Due to disease rarity, our knowledge regarding t-ALL is limited. Unlike t-MNs, t-ALL is not currently defined by the WHO as a sole disease entity. Some reports have analyzed t-ALL regardless of how the primary malignancy was treated,7,8 and other studies have focused on patients who received chemotherapy or radiotherapy.4,5 Focusing on the effects of chemotherapy and radiotherapy that might have caused genomic instability, our study investigated t-ALL patients who underwent chemotherapy or radiotherapy.
Previous studies have reported that KMT2A rearrangement is a common abnormality in t-ALL.4,6 KMT2A rearrangement is the prototypical cytogenetic finding among t-AML patients exposed to topoisomerase II inhibitors, and the incidence of KMT2A rearrangement is higher in t-ALL compared to dn-ALL.4,6 We studied one t-ALL patient with KMT2A-EPS15 rearrangement (P116). The patient had a history of alkylating therapy along with topoisomerase II inhibitor treatment. In our study, the t-ALL group showed a higher prevalence of KMT2A rearrangement than the dn ALL group (11.1% vs. 3.1%), but statistical significance was not reached (p = 0.302). Future study with a larger number of t-ALL patients is necessary to fully investigate the relationship between KMT2A rearrangement and t-ALL.
In this study, we identified a total of 71 adult ALL cases with available genetic mutation information (assessed by NGS), including 54 dn-BLL and 8 t-BLL patients who were previously diagnosed with a malignancy. The mutational burden was low in both groups; although dn-BLL cases tended to have a higher number of variants (median, 2.0; range, 0.25–3.0) than t-BLL cases, the difference was not statistically significant.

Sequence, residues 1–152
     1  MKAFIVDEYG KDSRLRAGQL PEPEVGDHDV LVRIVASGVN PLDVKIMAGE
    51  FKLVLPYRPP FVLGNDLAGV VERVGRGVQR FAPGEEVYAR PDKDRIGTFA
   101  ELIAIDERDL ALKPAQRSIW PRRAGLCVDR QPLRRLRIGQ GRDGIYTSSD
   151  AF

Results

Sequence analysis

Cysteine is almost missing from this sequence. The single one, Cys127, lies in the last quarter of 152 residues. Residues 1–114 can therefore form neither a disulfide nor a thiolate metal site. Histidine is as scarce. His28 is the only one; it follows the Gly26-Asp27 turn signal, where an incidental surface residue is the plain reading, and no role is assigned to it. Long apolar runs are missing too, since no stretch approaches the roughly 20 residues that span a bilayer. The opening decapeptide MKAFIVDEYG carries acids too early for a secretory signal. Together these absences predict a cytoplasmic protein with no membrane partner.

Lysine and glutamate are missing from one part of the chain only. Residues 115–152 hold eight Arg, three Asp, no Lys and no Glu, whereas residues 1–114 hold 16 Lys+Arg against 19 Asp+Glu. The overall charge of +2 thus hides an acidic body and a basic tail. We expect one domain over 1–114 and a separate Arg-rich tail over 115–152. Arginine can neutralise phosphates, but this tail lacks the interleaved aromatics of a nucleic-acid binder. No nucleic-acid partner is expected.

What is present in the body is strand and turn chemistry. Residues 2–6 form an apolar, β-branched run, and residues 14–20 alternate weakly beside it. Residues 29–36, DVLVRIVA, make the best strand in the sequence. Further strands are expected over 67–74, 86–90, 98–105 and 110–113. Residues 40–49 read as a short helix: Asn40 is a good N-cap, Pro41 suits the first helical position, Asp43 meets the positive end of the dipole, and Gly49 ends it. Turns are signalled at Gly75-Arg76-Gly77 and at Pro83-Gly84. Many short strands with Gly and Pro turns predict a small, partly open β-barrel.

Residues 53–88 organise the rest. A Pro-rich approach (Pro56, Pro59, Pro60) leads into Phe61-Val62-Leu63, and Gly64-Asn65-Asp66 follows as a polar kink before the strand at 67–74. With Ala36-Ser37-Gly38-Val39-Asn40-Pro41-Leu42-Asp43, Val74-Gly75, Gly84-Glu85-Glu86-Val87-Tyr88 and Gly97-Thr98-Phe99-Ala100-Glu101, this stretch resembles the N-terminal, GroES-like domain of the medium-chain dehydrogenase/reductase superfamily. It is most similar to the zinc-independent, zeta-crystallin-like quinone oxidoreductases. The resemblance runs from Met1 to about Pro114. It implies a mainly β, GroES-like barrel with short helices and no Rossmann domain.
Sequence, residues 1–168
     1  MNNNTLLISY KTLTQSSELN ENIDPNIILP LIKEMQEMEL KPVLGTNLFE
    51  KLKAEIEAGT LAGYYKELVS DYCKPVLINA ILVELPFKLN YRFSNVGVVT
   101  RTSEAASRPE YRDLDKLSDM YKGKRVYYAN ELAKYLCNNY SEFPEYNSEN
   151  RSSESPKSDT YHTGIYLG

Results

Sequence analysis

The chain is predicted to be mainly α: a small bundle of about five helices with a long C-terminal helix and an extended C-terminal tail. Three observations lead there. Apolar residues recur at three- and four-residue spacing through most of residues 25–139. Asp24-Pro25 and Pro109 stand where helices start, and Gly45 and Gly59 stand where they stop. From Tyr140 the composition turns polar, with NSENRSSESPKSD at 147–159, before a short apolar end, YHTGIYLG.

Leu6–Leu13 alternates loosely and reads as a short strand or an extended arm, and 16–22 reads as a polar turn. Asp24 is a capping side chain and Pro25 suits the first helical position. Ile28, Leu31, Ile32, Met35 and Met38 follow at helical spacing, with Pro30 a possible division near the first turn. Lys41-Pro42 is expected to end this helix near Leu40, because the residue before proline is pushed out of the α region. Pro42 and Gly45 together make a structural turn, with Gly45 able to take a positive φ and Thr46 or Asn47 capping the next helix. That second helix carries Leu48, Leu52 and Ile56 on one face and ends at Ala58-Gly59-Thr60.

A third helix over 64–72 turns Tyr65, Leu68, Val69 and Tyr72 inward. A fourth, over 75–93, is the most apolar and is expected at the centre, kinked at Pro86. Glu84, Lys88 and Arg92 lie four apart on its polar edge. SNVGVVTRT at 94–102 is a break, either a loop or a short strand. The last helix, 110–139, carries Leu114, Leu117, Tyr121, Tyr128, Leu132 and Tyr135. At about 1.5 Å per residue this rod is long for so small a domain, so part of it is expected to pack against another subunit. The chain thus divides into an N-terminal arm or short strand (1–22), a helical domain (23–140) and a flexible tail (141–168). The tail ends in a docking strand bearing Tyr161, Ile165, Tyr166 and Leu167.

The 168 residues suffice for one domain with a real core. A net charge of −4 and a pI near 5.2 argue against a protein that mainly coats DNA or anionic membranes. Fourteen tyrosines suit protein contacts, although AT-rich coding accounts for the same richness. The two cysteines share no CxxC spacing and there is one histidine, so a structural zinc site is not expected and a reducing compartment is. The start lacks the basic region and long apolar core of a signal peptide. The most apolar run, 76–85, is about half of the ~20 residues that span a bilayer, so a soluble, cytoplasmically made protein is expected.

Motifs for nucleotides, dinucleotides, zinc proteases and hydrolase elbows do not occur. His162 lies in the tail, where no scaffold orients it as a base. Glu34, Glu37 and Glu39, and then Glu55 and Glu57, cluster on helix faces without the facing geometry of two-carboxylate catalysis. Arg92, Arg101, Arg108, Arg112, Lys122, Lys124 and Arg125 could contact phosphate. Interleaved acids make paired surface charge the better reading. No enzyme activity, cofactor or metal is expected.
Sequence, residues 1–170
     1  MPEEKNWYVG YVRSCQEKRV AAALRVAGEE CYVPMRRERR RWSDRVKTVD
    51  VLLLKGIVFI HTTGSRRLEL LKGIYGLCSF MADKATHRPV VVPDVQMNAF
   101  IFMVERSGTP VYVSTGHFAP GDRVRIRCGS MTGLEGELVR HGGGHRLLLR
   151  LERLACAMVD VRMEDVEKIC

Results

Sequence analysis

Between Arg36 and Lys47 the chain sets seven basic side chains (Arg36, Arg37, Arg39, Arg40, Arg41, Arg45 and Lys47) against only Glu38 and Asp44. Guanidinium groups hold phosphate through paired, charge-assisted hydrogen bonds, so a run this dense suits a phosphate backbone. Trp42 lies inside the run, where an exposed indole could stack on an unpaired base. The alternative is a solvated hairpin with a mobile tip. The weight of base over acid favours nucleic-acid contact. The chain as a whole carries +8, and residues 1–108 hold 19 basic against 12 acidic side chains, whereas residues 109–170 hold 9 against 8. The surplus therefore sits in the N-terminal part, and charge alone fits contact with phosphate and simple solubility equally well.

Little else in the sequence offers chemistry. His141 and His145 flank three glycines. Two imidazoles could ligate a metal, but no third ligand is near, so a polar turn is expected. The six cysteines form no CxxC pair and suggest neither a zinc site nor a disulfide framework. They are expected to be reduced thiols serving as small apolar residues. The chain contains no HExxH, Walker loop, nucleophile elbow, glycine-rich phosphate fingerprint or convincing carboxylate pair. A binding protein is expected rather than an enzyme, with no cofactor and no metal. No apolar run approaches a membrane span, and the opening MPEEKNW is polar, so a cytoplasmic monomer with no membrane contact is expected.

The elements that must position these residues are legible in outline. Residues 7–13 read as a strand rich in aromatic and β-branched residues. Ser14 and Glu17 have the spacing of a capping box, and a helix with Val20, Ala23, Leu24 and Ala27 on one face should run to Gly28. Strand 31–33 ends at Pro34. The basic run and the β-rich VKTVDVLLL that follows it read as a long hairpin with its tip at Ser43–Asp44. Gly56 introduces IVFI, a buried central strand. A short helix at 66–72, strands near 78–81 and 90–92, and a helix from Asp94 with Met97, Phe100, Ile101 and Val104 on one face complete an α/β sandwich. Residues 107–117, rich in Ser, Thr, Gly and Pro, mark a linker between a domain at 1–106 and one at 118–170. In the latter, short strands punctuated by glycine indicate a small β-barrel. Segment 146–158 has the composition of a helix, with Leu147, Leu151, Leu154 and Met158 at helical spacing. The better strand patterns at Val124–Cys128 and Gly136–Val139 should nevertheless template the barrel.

A notable observation of our study is that TP53 and RB1 alterations were more frequent in t-BLL than in dn-BLL patients. The role of TP53 in development of t-MNs after exposure to topoisomerase II inhibitor and alkylating agent has been well described.1 Frequent TP53 alteration, including copy number alteration in t-MN9 and t-BLL, has been reported.6 Somatic TP53 alteration is suggested to influence defects in the DNA damage response in t-MN9 as well as development of t-BLL.6 RB1, a cell cycle regulator, is altered recurrently in t-MN10 and ALL.11 There have been no previous reports demonstrating frequent RB1 mutation in t-ALL. However, higher frequency of TP53/RB1 tumor suppressor pathway mutations in our t-ALL cohort suggests overlapping features in high-risk genetic subtypes, as reported in high-risk BLL.12 However, the sample size is limited, and the results need to be verified.
Of all investigated t-ALL patients, 33.3% had a family history of cancer, but only somatic mutations were found in our study. The possible involvement of cancer-predisposing genes not included in our target panel cannot be ruled out, but germline mutation was not found in our gene panel including common oncogenes BRCA1, BRCA2, TP53, DDX41, RUNX1, ANKRD26, and ETV6. Recent study reported a t-ALL case in Li-Fraumeni syndrome patient.6 In a study by Churpek et al., the cancer susceptibility gene was screened in patients with t-ALL among the breast cancer survivors, and TP53 mutation was found in two of the four t-ALL patients who underwent the test.5 Since very few studies have previously investigated germline presentation genes in t-ALL patients, future study with large series is required for identifying the exact frequency of germline mutations among t-ALL patients.